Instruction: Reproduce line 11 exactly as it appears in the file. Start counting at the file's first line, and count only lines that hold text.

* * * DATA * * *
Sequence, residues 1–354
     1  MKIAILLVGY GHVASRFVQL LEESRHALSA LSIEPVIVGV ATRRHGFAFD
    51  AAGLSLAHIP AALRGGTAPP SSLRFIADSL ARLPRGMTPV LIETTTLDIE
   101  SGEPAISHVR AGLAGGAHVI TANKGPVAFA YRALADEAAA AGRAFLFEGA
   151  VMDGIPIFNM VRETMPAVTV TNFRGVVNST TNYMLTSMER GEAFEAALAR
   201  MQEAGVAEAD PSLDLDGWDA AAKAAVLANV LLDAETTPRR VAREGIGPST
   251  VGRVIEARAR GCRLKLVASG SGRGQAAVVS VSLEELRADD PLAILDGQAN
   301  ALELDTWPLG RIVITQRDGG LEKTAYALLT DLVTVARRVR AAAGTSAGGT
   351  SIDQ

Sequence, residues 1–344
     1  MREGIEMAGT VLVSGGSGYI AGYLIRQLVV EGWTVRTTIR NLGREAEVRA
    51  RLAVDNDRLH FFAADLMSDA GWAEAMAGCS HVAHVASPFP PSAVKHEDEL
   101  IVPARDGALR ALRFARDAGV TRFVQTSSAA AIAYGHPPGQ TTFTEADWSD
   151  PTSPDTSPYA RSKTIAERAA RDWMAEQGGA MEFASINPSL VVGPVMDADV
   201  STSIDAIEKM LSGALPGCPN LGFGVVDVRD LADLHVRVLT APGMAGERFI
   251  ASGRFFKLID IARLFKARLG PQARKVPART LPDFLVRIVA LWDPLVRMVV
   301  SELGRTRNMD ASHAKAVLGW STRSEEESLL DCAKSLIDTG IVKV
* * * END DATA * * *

     1  MREGIEMAGT VLVSGGSGYI AGYLIRQLVV EGWTVRTTIR NLGREAEVRA